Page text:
The rusty-patched bumble bee is a species of bee historically found in grasslands and prairies of the Midwest and Northeast. Rusty-patched bumble bees live in colonies made up of a single queen and female workers, producing males and new queens annually in the late summer. The bees all have black heads but vary in size and appearance depending on their roll within the colony. The U.S. Fish and Wildlife Service listed the rusty-patched bumble bee as an endangered species under the Endangered Species Act in January 2017, making it the first bee on the list in the United States.
Why was the rusty-patched bumble bee listed as threatened?
In 2013, the Xerces Society submitted a listing petition to the Service. According to the petition, the rusty-patched bumble bee population is primarily threatened by a loss of habitat in the Midwest and Northeast due to the conversion of prairies and grasslands into developed land, intensive farming, and certain pathogens and parasites throughout North America. The following steps have been taken to list the bee:
- February 2013: FWS received a petition from the Xerces Society for Invertebrate Conservation requesting that the rusty-patched bumble bee be listed as an endangered species.
- September 2015: FWS releases findings concluding that the species may be warranted for listing under the Endangered Species Act.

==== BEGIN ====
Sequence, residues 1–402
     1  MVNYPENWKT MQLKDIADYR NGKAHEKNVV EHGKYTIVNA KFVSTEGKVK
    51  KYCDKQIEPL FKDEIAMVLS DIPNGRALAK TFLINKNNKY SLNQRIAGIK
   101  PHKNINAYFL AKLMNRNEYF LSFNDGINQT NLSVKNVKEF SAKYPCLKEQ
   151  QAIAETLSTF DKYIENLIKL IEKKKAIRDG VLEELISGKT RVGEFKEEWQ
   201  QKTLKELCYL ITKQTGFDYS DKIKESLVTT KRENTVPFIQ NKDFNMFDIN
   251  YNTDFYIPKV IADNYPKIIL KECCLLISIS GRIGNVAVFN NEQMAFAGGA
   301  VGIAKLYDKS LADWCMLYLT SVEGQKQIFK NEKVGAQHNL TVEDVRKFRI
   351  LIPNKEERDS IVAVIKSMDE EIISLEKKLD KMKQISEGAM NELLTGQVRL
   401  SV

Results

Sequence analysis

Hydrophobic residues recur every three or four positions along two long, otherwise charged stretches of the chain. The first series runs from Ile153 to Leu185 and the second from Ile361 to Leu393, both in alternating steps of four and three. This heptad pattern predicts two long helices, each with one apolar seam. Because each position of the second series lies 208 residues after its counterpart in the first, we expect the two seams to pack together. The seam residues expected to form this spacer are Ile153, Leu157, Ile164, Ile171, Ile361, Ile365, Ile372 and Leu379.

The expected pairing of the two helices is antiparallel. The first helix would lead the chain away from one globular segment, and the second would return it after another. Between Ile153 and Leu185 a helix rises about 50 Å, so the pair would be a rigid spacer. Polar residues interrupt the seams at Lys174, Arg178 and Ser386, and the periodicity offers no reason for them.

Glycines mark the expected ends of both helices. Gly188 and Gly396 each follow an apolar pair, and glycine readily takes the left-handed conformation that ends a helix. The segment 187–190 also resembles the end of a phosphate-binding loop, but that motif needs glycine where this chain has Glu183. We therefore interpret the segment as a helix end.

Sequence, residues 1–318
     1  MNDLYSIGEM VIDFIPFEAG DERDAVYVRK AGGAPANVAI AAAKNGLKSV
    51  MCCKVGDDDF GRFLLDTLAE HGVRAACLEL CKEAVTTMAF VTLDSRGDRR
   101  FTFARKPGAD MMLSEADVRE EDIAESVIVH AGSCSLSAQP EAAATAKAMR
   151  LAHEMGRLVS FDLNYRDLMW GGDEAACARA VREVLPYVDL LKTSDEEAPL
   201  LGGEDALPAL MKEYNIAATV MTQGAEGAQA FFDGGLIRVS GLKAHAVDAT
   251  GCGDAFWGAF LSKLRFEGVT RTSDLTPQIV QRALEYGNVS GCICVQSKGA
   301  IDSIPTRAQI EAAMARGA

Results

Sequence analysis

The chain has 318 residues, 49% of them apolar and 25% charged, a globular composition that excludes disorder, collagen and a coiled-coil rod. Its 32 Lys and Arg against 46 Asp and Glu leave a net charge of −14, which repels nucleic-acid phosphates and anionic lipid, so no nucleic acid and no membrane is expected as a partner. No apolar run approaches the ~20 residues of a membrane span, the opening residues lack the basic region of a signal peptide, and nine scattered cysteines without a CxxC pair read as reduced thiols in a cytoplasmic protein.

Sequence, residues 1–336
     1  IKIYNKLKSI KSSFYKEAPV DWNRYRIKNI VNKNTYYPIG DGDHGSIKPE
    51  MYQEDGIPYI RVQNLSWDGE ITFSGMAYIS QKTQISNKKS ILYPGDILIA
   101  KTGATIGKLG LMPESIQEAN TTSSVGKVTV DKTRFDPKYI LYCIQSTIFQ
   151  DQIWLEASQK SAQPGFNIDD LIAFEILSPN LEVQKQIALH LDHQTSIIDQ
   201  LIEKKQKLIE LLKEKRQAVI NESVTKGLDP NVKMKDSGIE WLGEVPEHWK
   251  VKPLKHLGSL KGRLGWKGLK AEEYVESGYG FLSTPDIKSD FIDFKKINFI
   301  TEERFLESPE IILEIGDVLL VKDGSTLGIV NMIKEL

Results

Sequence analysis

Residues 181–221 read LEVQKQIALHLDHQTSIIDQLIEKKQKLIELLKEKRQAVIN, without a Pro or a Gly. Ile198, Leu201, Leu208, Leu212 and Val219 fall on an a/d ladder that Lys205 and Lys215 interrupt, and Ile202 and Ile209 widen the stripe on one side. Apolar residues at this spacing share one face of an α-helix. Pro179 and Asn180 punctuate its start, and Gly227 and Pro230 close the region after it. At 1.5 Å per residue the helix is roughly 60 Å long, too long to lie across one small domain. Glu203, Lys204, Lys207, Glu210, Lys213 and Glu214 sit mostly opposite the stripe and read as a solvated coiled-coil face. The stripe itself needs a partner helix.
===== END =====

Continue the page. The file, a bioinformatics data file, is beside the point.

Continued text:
- September 2016: FWS releases results of 12-month finding and concludes that listing the species is warranted, proposing to list the rusty-patched bumble bee as an endangered species under the Endangered Species Act.
- January 2017: FWS amends the Endangered Species Act to include the rusty-patched bumble bee on the list of endangered species, effective as of February 10, 2017.
- March 2017: The listing goes into an effect, following a 60-day freeze on Obama-era regulations by the Trump administration.
Where is the rusty-patched bumble bee located?
Historically, the rusty-patched bumble bee was found across the eastern and Midwest United States, as well as in southern Quebec and Ontario. According to the U.S. Fish and Wildlife Service, the bumble bee has only been reported in 13 states and one Canadian province since 2000. Currently, the species range includes Illinois, Indiana, Iowa, Maine, Maryland, Massachusetts, Minnesota, North Carolina, Ohio, Pennsylvania, Tennessee, Virginia, Wisconsin, and Ontario, Canada.
Why is this listing decision flawed?
As IPAA laid out in previous comments ahead of the listing, the Service’s decision “suffers from serious data-related flaws that undermine the Service’s assertions regarding the RPBB’s population level and range and ultimately its conclusion that the species warrants an endangered listing.” While every effort should be made to ensure the protection and restoration of the bee population, it should not be done unnecessarily and at the cost of economic development. Instead, the federal government should work with state, local, and industry partners to conserve the rusty-patched bumble bee population without limiting the economy and unnecessarily restricting commercial activity.